Viacom to Buy MTV and Showtime in Deal Worth $667.5 Million
Viacom International, one of the nation’s largest distributors of television programming and a large owner of cable-television systems, on Monday agreed to steps that will give it 100% ownership of both MTV, an operator of cable music channels, and Showtime/The Movie Channel, a pay-TV service.
Under a complex arrangement, Viacom will spend more than $667.5 million to purchase the combined 50% interest in Showtime currently held by Warner Communications and Warner-Amex Cable, as well as Warner-Amex’s two-thirds stake in MTV and the remaining one-third of MTV held by public shareholders. Viacom already owns 50% of Showtime, which it founded in 1976.
The deal gives Warner enough cash to pay for its planned $450-million buy-out of American Express’ share of Warner-Amex Cable without borrowing any money, as well as a healthy premium over the previous offer for MTV. That was a $310-million buy-out bid from Forstmann, Little & Co., a New York firm specializing in leveraged buy-outs. The terms of the Viacom deal indicate that Warner will get $340 million for Warner-Amex’s share of MTV.
Could Turn Quick Profit
Warner also will get warrants enabling it to buy up to 10% of Viacom over the next five years at $70 and $75 per share. Analysts view that provision chiefly as a way for Warner to retain an interest in the future growth of MTV and Showtime. If Viacom becomes a takeover target, as some analysts believe it might, Warner could turn a swift profit from its warrants of as much as $50 million.
Viacom shares closed Monday at $50.75, up 25 cents on the New York Stock Exchange. Warner shares closed at $29.75, off 25 cents.
The sale instantly makes Viacom the nation’s sixth-largest provider of cable-television programming. MTV, the pioneering provider of music-video programming for cable systems, has about 26 million subscribers. Of MTV’s two other networks, VH-1 (for Video Hits-One), a service aimed at the 25- to 54-year-old audience, reaches 8 million households, and Nickelodeon, aimed at children, reaches 25 million. Showtime/The Movie Channel distributes movie and special-production programming and has about 8.5 million subscribers.
The largest cable programming distributor, according to Paul Kagan, a Carmel cable and broadcast industry consultant, is ESPN, mainly a sports programming service, which reaches 35.7 million subscribers.
“From the cable system operator’s standpoint, this makes Viacom a much more powerful entity to deal with,” said Mara R. Miesnieks, a cable industry analyst for Smith Barney, Harris Upham & Co. Miesnieks and other Wall Street analysts said the potential profits for Viacom more than outweigh the sale price’s probable dilution of the company’s earnings in 1986 of as much as 40 cents to 50 cents per share.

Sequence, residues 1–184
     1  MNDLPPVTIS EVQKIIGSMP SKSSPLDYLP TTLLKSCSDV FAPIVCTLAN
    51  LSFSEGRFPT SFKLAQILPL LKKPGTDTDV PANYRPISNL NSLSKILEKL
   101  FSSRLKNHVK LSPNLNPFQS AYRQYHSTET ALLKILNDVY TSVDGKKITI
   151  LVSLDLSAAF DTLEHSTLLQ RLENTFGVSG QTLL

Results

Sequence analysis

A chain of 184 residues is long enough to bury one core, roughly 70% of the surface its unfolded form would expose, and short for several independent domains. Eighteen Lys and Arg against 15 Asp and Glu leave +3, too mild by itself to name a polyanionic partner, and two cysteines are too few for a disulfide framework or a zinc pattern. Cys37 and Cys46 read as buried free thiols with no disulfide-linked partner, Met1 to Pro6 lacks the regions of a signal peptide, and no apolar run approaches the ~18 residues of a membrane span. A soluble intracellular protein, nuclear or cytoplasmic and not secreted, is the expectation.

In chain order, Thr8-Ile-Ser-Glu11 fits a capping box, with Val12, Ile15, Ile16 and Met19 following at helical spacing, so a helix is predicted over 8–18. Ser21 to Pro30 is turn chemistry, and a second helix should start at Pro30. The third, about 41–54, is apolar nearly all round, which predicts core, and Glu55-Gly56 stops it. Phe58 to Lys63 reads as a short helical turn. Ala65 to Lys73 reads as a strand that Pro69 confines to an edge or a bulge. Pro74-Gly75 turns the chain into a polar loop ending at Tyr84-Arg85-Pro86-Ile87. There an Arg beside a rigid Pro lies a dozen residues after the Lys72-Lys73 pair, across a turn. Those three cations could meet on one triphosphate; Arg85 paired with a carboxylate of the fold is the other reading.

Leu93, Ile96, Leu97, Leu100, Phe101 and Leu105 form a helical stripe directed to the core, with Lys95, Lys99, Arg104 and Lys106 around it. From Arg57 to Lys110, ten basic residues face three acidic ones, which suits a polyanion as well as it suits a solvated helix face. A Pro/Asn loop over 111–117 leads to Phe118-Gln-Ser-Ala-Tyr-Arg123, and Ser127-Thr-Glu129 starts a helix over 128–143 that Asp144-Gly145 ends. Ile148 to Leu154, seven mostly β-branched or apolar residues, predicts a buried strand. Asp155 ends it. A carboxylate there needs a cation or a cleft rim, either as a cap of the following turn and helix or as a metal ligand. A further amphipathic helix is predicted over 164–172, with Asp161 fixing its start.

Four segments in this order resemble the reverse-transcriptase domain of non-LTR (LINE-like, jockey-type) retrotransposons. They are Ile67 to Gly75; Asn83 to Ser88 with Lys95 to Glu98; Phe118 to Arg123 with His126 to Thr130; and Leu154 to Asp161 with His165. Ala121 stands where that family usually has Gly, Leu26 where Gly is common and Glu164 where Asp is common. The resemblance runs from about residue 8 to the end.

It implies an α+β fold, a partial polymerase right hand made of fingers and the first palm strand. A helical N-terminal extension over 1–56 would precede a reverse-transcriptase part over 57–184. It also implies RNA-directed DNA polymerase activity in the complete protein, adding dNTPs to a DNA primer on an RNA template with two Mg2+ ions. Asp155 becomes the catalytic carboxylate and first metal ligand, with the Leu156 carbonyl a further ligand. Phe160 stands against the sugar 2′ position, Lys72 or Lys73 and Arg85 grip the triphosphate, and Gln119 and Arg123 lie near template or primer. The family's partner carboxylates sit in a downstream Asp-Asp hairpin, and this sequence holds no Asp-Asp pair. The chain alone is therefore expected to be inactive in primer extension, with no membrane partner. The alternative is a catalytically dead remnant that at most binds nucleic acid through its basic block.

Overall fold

Premium on Initial Price
Viacom’s proposed purchase of the public’s one-third interest in MTV for $33.50 per share also represents a sharp premium for many holders of that stock, which was initially offered scarcely a year ago at $14 per share.
Announcement of the Viacom purchase comes two days after the collapse of Warner’s negotiations with Forstmann, Little. Those talks reportedly broke down over Warner’s desire to retain an option to repurchase about 20% of the rock-music cable programmer. Warner earlier had announced that it had reached an agreement giving it the right for 90 days to sell Viacom Warner-Amex’s share of MTV for $310 million.
According to terms of the purchase disclosed Monday, Viacom will pay Warner $500 million in cash and issue to Warner warrants to acquire 1.625 million shares of Viacom at $70 a share. That will cover Warner’s 31% stake in Showtime/The Movie Channel, an additional 19% of Showtime/The Movie Channel owned by Warner-Amex and the two-thirds stake in MTV Networks that is owned by Warner-Amex.
Warner also will acquire warrants for $9.75 each to buy another 625,000 shares of Viacom’s common stock at $75 per share. All warrants are exercisable over a five-year period and are subject to certain restrictions, the companies said. Exercising all the warrants would give Warner about 10% of Viacom, but, because Viacom is trading at about $50 per share, Warner is not expected to immediately exercise its purchase rights.
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